I’m on CSL/PSL – Can a Sex Offender Move to Another Country?
This week, in the State of New York, a Staten Island judge ordered the deportation of a man, rather than to place him under the supervision of the Sex Offender Registration Act (SORA). The sex offender, Bourlaye T., a citizen of the Ivory Coast in Africa, was released from a New York prison in March 2012 after serving a fourteen-year sentence for second-degree attempted murder, first-degree rape, and first-degree sexual abuse. Following his release, the New York District Attorney’s Office applied to the courts to have Bourlaye placed under SORA. The Court, in turn, denied the DAG’s request, and ordered that Bourlaye be deported. Bourlaye consented to the deportation.
The NY Court found that the state’s citizenry would be well served to allow sex offenders, who consent, to be deported to their home country. The judge stated that placing Bourlaye under SORA would cost taxpayers approximately $175,000 annually. Also, deportation was consistent with the goals of the Sex Offender Registration Act –to protect the public from sex offense recidivism.
Why is this New York decision potentially important to New Jersey individuals who are on Megan’s Law and Community Supervision for Life (CSL)/Parole Supervision for Life (PSL)?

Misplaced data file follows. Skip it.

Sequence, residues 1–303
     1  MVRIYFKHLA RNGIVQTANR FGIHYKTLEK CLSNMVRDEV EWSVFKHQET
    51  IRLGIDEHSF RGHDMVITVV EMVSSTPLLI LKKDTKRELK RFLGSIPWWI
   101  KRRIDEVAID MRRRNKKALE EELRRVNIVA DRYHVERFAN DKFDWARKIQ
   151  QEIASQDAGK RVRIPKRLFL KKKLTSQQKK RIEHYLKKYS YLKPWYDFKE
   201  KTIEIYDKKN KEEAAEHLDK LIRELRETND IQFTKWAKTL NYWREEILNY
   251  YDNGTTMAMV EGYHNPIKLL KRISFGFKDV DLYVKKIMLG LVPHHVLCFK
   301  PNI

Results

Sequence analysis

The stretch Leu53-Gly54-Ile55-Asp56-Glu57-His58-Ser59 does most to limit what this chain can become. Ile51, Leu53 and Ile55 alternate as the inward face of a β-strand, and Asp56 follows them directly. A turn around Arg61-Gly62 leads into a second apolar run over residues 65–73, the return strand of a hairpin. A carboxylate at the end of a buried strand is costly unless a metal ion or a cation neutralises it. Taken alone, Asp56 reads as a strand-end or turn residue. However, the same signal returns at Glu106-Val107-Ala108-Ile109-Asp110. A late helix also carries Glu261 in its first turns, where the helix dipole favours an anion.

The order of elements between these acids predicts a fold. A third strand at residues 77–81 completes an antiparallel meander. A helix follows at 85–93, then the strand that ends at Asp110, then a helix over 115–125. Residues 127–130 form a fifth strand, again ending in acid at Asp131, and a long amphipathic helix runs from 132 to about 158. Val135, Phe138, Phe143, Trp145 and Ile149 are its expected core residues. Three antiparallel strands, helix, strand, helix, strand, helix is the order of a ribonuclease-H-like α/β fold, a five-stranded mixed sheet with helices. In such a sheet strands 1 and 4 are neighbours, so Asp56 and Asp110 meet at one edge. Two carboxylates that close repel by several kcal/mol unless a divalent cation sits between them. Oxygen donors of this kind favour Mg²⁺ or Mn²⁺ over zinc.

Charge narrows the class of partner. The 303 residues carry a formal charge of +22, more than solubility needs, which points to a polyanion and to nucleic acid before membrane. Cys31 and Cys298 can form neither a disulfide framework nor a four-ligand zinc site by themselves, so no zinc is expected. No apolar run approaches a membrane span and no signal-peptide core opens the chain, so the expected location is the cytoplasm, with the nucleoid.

In the State of New Jersey, individuals who are on Megan’s Law can move to another state or country without being violated, provided that they follow NJ’s law governing transfer of registration. However, individuals who are also on CSL or PSL cannot move to another state without permission from the New Jersey State Parole Board (NJSPB); and at this time, are prohibited from moving out of the United States. This decision from the New York courts may provide the New Jersey courts and parole board with guidance in accessing a parolee’s request to move to another country. At this time, the parole board does not have criteria in accessing a parolee’s request for an international transfer of parole.
The law firm of Maynard Law Office, LLC is attempting to change the NJSPB’s policy and procedure regarding international transfer. There are CSL and PSL parolees who possess citizenship, dual citizenship, or residency rights in a foreign country and wish to move out of NJ. At this time, they are prohibited from leaving New Jersey, which in many cases is contrary to the interests of their family, rehabilitation, and the interests of the New Jersey citizenry. To inquire about international transfer for CSL and PSL parolees, contact our office online or at 973-540-0054.
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